Context is Key

Devices and apps are all part of the programming at one small Connecticut library
Darien, CT
Gretchen Caserotti

Just five years ago, the Darien Public Library didn't have a single public access computer in its children’s section. Today, it is nationally recognized as a pioneer in incorporating iPads and apps into its programs and displays. In this interview with (now former) Assistant Director Gretchen Caserotti, we discover why context is key when it comes to using digital tools in a meaningful way.

This case study covers Edge Benchmark 3, specifically 3.3: The library supports use of public technology for patrons pursuing educational opportunities.

The Darien Public Library in Connecticut serves an engaged community of 20,000 residents, 19,000 of them registered active library cardholders. Caserotti served as Assistant Director for Public Services and oversaw the managers of Children and Teen Services, Help Desk, Knowledge the Learning Services, and the Readers’ Advisory departments. "The library’s work is wonderfully all-encompassing," said Caserotti, adding that the library takes on many public and behind-the-scenes roles. "It’s a really busy but exciting place."

Caserotti notes that the population the library serves is an important consideration in this work. "Many families move to Darien because of the town’s school system. It has the highest per capita household of families with children under 18 in the state of Connecticut," she said. To this end, the library is highly focused on early childhood education and literacy, especially for children who don’t attend preschool programs. In recent years, this means an increasing emphasis on devices like iPads and apps, tools Caserotti says have enormously enhanced the library’s programs and learning culture. After all, she notes, a library should be a place not necessarily to master something but to try it out and experiment.

What made your library successful?

"The electronic toys and tablets piece is really where the most exciting work is happening," Caserotti said, adding that the iPad created a valuable opportunity for the library to offer a dynamic, engaging element to early education. "Most libraries were buying e-readers and iPads to circulate through the community, and saying ‘Here’s this new device. You can test it out,'" she recalled. "We first started using them out on the floor and working with patrons, getting feedback and testing things out with kids." The library staff quickly began to identify ways they could incorporate them into library programming.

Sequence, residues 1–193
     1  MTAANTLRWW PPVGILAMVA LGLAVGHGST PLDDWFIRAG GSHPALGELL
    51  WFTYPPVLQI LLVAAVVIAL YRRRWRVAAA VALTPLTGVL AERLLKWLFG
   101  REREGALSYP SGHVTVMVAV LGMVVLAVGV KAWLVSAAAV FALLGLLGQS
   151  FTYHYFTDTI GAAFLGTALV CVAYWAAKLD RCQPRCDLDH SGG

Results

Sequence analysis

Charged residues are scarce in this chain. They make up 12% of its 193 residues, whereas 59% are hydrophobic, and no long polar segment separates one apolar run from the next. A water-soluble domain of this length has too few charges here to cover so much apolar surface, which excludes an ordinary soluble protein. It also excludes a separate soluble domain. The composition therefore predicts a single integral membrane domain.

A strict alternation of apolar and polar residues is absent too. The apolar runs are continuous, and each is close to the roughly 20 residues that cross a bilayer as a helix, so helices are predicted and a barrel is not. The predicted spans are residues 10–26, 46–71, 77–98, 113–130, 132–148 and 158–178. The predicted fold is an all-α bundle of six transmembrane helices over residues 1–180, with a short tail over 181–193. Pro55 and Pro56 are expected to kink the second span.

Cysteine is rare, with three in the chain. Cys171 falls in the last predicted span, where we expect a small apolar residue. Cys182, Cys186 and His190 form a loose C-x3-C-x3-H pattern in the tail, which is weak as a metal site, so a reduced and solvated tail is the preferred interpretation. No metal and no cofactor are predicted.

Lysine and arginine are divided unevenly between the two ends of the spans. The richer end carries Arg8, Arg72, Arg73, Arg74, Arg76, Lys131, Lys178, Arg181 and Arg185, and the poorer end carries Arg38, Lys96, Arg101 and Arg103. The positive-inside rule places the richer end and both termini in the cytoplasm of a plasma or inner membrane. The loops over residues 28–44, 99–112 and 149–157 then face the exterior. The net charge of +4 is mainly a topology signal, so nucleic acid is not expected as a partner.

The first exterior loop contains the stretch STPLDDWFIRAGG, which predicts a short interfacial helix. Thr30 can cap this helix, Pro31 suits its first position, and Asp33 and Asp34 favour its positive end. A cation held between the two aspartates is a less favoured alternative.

The library began circulating iPads for preschool-aged children preloaded with early literacy apps selected by the library, along with resources for parents, including a list of suggested apps, tips on how to find and evaluate good apps, and additional support content. Sometimes, just the information was needed. "Some of them already have iPads at home," said Caserotti. "They just really want to know what the librarians recommend as a good app." She points to the library’s App of the Day program that lets children and parents try out new software. "Parents are being exposed to new, educational, high quality interactive books for little kids,” she said. "We are helping to educate the community that technology is a tool that can help support the literacy development in preschool-aged children."

In addition to using iPads as digital and literacy tools, the library also began incorporating them into displays to enhance particular collections. Librarians select a set of apps related to the books and mount the iPads right on the bookshelves.

Caserotti underscores the importance of providing curated digital content in this context. "It’s not just giving young learners a device as a shell, but giving them examples of how they can use it," she said.